The Common Redshank is 27–29 cm long, has a wingspan of 48–55 cm and weighs around 120 g. It is a somewhat dumpy wader, with long orange-red legs and a straight, medium-length bill with a reddish base. With regards to its plumage, the species is characterised by a bold white rump and a V on the back. It has a broad white trailing-edge to innerwing in flight. In flight the feet project beyond the tip of the tail (Higgins & Davies 1996). In Australia, the Common Redshank has been recorded at scattered locations. In Queensland, the species is known to occur in the Cairns district. In New South Wales (NSW) there is a record at Wallagoot Lakes. In South Australia (SA), the species is known to occur at the ICI Saltfields, St Kilda and Bool Lagoon. In Western Australia (WA), the species is vargrant to the south-west with records at Peel Inlet, Coodanup, the Gascoyne region, Coral Bay and Carnarvon (Higgins & Davis 1996). It is regular and widespread in the north-west, from the Dampier Saltfields to Roebuck Bay and Broome. There is also a record at Ashmore Reef. In the Northern Territory (NT), the species is an irregular visitor to Darwin. It has also been recorded near Buffalo Creek, Cameron Beach, Lee Point, the Sanderson Sewage Farm, the Palmerston Sewage Farm and Elizabeth Downs (Higgins & Davies 1996).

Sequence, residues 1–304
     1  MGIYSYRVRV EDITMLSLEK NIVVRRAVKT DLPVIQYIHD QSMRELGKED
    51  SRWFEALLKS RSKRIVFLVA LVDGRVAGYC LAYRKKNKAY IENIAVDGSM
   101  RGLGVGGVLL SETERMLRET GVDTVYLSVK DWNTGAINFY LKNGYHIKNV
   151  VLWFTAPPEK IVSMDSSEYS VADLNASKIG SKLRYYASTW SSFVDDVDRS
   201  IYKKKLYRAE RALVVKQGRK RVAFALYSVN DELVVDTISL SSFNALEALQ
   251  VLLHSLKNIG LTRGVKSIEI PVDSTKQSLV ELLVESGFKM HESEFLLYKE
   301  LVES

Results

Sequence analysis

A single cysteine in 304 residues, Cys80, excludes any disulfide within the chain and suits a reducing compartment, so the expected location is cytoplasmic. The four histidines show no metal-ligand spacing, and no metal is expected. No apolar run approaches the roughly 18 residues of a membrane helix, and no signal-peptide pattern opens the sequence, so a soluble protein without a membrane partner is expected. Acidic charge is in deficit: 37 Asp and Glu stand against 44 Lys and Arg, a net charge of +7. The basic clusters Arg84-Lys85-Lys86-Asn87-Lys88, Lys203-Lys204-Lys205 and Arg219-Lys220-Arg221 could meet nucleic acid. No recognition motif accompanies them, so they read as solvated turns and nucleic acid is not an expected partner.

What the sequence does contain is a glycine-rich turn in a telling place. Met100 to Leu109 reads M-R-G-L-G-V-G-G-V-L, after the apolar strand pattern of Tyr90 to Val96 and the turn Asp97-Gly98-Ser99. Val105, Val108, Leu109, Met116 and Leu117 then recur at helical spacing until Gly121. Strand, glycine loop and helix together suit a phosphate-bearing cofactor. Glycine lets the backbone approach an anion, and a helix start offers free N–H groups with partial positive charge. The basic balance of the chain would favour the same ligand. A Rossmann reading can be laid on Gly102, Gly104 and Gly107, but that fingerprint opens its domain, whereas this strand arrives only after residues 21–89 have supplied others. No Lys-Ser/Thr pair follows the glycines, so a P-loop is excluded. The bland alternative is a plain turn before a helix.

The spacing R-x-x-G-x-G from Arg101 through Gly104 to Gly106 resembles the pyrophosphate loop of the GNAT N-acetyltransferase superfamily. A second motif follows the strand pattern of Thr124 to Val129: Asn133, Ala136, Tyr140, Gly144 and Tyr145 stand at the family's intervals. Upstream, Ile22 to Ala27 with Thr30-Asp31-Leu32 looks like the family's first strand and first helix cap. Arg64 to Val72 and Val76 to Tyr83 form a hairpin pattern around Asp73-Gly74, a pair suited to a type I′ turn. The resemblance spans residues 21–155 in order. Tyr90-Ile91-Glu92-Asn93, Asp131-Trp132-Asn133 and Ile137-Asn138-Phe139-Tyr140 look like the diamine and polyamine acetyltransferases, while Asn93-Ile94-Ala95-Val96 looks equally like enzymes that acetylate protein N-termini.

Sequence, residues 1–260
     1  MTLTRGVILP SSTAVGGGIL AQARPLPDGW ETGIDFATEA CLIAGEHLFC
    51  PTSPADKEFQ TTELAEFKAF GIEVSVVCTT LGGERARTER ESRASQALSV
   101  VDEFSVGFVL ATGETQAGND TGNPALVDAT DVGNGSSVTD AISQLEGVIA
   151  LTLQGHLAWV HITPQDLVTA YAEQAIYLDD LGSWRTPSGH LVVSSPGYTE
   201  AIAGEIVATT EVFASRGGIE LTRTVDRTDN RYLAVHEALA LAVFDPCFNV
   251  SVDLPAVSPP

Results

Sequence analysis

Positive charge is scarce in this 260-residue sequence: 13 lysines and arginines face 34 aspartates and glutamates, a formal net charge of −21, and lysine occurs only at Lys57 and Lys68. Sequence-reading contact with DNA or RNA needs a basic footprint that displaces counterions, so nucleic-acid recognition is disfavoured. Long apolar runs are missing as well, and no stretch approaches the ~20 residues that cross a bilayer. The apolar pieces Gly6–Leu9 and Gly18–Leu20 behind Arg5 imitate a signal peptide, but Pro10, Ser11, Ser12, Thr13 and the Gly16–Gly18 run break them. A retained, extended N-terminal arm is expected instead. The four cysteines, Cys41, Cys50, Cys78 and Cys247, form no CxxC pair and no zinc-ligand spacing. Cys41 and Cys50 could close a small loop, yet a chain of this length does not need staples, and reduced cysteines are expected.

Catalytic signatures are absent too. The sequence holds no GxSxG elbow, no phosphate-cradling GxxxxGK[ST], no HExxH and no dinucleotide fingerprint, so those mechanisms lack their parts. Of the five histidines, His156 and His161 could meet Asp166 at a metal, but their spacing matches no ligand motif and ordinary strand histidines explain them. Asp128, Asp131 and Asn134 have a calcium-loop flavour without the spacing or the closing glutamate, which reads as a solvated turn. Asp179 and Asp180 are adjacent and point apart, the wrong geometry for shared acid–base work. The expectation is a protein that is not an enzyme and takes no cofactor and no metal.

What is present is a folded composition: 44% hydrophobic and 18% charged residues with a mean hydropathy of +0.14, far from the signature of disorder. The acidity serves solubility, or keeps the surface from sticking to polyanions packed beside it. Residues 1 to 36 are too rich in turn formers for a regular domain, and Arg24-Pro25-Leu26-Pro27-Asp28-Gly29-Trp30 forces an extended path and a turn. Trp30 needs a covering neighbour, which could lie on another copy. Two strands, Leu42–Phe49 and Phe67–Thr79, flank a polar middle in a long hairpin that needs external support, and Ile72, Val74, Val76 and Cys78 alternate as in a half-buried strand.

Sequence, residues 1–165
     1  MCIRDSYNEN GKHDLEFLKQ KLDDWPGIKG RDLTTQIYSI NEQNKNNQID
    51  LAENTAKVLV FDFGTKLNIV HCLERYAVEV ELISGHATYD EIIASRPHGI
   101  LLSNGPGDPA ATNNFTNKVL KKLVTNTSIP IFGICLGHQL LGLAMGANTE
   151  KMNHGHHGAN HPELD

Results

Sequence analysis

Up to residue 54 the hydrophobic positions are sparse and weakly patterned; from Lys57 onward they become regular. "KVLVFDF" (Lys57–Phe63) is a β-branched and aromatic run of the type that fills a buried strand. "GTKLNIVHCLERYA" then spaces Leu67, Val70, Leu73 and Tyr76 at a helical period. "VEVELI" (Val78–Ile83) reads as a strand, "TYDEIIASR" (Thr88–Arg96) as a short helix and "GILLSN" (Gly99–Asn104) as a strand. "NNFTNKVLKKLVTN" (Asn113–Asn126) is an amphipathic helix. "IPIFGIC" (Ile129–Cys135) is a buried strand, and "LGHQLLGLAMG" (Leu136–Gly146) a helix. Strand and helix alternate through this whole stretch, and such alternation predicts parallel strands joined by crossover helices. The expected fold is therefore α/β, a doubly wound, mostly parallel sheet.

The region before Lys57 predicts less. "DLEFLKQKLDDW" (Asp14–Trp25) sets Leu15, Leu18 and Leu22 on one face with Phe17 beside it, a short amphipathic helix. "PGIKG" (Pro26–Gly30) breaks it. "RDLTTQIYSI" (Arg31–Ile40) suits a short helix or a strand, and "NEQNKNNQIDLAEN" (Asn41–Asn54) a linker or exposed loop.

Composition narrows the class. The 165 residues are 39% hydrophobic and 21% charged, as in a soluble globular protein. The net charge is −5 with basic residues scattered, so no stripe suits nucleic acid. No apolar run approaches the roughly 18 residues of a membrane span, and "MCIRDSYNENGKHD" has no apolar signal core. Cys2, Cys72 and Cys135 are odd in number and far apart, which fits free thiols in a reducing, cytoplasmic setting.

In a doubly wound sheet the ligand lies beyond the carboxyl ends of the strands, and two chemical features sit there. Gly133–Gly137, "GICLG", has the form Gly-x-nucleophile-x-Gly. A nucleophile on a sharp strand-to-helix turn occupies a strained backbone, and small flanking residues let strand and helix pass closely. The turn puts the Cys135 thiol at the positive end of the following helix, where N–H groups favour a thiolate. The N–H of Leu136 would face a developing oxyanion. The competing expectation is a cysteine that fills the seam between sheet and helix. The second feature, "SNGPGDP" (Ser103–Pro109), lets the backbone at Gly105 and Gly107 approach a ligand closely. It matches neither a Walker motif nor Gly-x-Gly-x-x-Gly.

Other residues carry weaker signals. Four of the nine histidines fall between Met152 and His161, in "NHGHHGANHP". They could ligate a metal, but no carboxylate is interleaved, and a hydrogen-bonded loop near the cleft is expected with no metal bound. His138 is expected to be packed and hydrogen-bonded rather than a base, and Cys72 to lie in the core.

Common Redshank, Redshank |
Government evidence of impact of climate change:
IUCN Red List Assessment, Tringa totanus
Systems Terrestrial; Freshwater; Marine The IUCN Red List of Threatened Species Tringa totanus published in 2016. http dx.doi.org 10.2305 IUCN.UK.2016 3.RLTS.T22693211A86687799.en Threats The species is threatened by the loss of breeding and wintering habitats through agricultural intensification; wetland drainage; flood control; afforestation; land reclamation; industrial development (del Hoyo et al. 1996); encroachment of Spartina spp. on mudflats (Evans 1986; del Hoyo et al. 1996); improvement of marginal grasslands (del Hoyo et al. 1996) (e.g. by drainage; inorganic fertilising and re seeding) (Baines 1988); coastal barrage construction (Burton 2006); and heavy grazing (e.g. of saltmarshes) (Norris et al. 1998).